Police exam results voided over integrity questions
The Dallas Police Department has thrown out the results of a promotion exam after discovering late last year that a police major who had helped shape the test had a test-prep business on the side.
The Dallas Morning News reports that the city’s civil service board agreed Tuesday with a decision to void the tests taken in November because of the concerns raised by Maj. LaToya Porter’s involvement.
About a dozen officers paid for tutoring through the test-prep company, which investigators said used scenarios that were similar to ones that appeared on the test Porter had helped craft.
The exam results were to be used for the purpose of determining the order of promotions.
An internal affairs investigation into Porter’s actions remains open.
Brazilian couple face kidnapping charges
A couple accused of helping their grandson from Texas illegally remain in Brazil after his mother allegedly violated a custody order in a divorce case is facing federal kidnapping charges.
Carlos and Jemima Guimaraes were arrested Wednesday in Miami after arriving on a flight from Brazil.
The couple and their daughter, Marcelle Guimaraes, have been charged by authorities in Houston with international parental kidnapping and conspiracy.
Prosecutors say Marcelle Guimaraes traveled with her son to Brazil in 2013 but never returned. Guimaraes had joint custody of her son with her now ex-husband.
The mother and boy have not returned to the United States.
Carlos and Jemima Guimaraes will remain in custody in Miami until a detention hearing Monday. Court records didn’t list an attorney for the couple.
Study: Houston apartment safety measures ‘flawed’
A report by the University of Texas School of Law has found that Houston’s programs designed to ensure apartment safety are “flawed, fractured and improperly managed.”
The Houston Chronicle reports that the 16-month study released Tuesday is called “Out of Order: Houston’s Dangerous Apartment Epidemic.” The report looks at the city’s regulation of apartment complexes and enforcement procedures.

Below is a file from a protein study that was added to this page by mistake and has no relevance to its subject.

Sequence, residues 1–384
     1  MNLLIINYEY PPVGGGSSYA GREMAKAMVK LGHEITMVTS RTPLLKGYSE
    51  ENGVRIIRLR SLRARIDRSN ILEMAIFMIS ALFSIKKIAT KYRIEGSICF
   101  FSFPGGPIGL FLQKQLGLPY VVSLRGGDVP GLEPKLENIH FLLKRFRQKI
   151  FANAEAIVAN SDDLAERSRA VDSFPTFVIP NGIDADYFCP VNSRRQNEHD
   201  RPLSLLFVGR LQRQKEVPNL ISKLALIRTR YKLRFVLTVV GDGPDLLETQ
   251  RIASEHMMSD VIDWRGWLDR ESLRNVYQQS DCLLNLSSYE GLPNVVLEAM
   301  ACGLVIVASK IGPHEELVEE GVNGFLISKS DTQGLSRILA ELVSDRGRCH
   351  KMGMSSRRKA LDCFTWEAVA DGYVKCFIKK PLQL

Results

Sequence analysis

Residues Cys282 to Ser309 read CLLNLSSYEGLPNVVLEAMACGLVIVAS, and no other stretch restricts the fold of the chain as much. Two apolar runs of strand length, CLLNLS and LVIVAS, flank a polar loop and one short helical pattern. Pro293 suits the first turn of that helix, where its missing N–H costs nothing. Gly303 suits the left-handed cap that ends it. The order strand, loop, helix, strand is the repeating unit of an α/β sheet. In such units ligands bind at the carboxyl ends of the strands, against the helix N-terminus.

The study found that more than a quarter of the approximately 4,000 apartment complexes subject to inspection by Houston Public Works lack certificates of occupancy. Findings also show that responsibility for apartment safety programs is divided among several city departments that don’t share data.
The study comes nearly a decade after a law passed requiring Houston to “establish minimum habitability standards” for multifamily rental buildings.
Public Works spokeswoman Alanna Reed said the department is reviewing the findings.
“Houston is unique in Texas because it has the third-highest number of occupied apartments in the country. About half of all Houstonians are renters,” she said.
Man killed, father injured by lightning strike
Authorities say an East Texas man has died and his father was injured during an apparent lightning strike as the two were fixing a cattle fence.
The Hardin County Sheriff’s Office says the deadly incident happened Tuesday afternoon in the community of Honey Island, about 80 miles northeast of Houston.
Sheriff Mark Davis says emergency personnel found 22-year-old Sebastian Ramos of Honey Island was unresponsive. Davis says Ramos was pronounced dead at a Beaumont hospital.
The sheriff says the man’s 57-year-old father was transported via private vehicle to the hospital for treatment of burns.
Further details on the father’s injuries weren’t immediately available. A message left with CHRISTUS Southeast Texas-St. Elizabeth Hospital was not immediately returned Wednesday.